Rather than being a seasonal release, this collection contains twenty episodes featuring early appearances by actors and actresses who would later go to find immense stardom. Some of the guest stars include Gene Hackman, Dustin Hoffman, Dennis Hopper, Robert Redford, William Shatner and Martin Sheen. The eps are a mixed bag quality-wise, but they’re fun watches thanks to the talent involved.
Pitch: Bugs go in, they fornicate, and more come out. It’s pretty simple really…
Why Rent? A small town discovers a growing bug problem in the form of carnivorous cockroaches, and things go downhill from there. The ubiquitous little bastards have been genetically modified by a local business resulting in a formidable foe that would make even the Orkin man soil his pants.
This fun and gory slice of ’80s horror mixes the inherent creepiness of roaches with some creatively wonderful practical effects resulting in an entertaining genre flick. The end borrows liberally from David Cronenberg’s The Fly, but it does so without any of that films icky emotional weight. Instead this is just pure monster horror. Sadly, the image offered on the cover never actually happens.
Pitch: They were originally going to call it Before Midnight…
Why Rent? Ellison Oswalt (Ethan Hawke) is a true crime writer struggling to return to the bestseller lists, but when he moves his family to a house recently visited by murder and tragedy he awakens a nightmare. He discovers a box of 8mm home movies in the attic featuring families having fun before being sadistically murdered, and the more he investigates the closer he gets to joining them.
The film opens with an incredibly disturbing image and follows through with a few more before the halfway point as Scott Derrickson manages some incredibly creepy visuals. The problems arise in the third act though when the movie is forced to explain itself and reveals the fantastic setup has a pretty silly explanation. The frustrations begin to outweigh the scares as the film reaches its conclusion, but the first two thirds are still plenty terrifying and make the movie worth a watch.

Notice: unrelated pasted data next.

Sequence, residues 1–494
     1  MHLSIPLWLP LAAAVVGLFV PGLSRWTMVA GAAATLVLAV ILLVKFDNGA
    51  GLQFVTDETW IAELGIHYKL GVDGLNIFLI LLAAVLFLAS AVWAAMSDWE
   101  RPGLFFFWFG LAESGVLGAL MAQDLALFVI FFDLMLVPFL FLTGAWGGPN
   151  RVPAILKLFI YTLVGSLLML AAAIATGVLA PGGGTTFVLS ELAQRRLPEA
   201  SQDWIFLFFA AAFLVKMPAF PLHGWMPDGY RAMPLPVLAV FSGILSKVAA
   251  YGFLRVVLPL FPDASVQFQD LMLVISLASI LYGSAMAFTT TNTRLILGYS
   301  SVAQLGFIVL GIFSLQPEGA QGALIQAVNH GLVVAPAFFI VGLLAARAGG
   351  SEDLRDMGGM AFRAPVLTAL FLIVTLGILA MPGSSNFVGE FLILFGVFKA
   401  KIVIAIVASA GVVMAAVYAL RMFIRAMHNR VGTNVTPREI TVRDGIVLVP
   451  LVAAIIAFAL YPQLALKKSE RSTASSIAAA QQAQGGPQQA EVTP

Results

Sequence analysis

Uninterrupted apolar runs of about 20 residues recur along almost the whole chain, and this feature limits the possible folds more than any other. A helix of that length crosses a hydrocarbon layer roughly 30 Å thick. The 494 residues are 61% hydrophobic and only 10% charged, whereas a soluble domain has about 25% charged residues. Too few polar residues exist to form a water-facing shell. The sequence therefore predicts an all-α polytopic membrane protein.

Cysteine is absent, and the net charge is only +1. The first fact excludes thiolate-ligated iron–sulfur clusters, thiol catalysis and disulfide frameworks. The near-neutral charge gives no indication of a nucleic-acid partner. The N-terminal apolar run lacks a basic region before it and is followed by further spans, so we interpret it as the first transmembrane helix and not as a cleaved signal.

[Extras: Commentaries, featurettes, deleted scenes] Also available on DVD.
Pitch: It’s the French Tears of the Sun! No, seriously, it’s basically Tears of the Sun in French…
Why Rent? When a French journalist (Diane Kruger) is abducted by the Taliban in Afghanistan her government sends in a special military unit to rescue her. The team, led by Djimon Hounsou, are separated from their extraction point and are forced to trek across the rural badlands with dozens of bad guys on their tail.
This is a borderline Rent/Avoid, but the deciding factor really comes down to how much you love military action. There are some exciting and well choreographed skirmishes here, so action junkies will want to check it out, but the rest of you may want to give it a pass. None of the characters really gel to the point that audiences will find themselves affected by their fate, and the death toll on the good guys’ side makes them seem decidedly not special.
[Extras: Deleted scenes, featurette] Also available on Blu-ray.
Pitch: The boob tube has never been deadlier…
Why Rent? Two forgotten ’80s horror movies find new life on Blu-ray from Scream Factory in this TV set-themed double feature. First up is TerrorVision which envisions an alien takeover attempted via satellite dish when an intergalactic monster is beamed into a family’s TV and into their lives. Next is The Video Dead which sees a supernaturally-tinged TV set that allows onscreen monsters (and the occasional supposedly sexy lady) to enter the real world.
It’s no great crime that either of these movies have been lost for so long as neither is particularly good. The second one in particular is simply too cheap and uninteresting in its story or presentation. Ted Nicolaou‘s TerrorVision is a bit of a strange bird, though, and it warrants a watch from fans of all things weird thanks to its mix of the absurd and the flat-out crazy. It’s pretty fun if you’re in a particularly loose and forgiving mood.
[Extras: Commentaries, making of, interviews, image galleries]
Pitch: Imagine, if you will, The Blind Side. Now imagine it with more heart and less Bullock…
Why Rent? The Manassas Tigers are a Memphis, TN football team who hadn’t reached the playoffs in over 100 years, and the filmmakers followed their efforts in 2009 to reverse that depressing trend. The broad look at the team is narrowed to focus on Coach Bill Courtney and three of his underprivileged players.
Inspirational sports stories are nothing new, and while this documentary doesn’t break new ground it succeeds at finding the emotional sweet spot amidst the rough and tumble world of high school football. Whether or not you care about sports makes little difference as this ultimately is a human story on every level.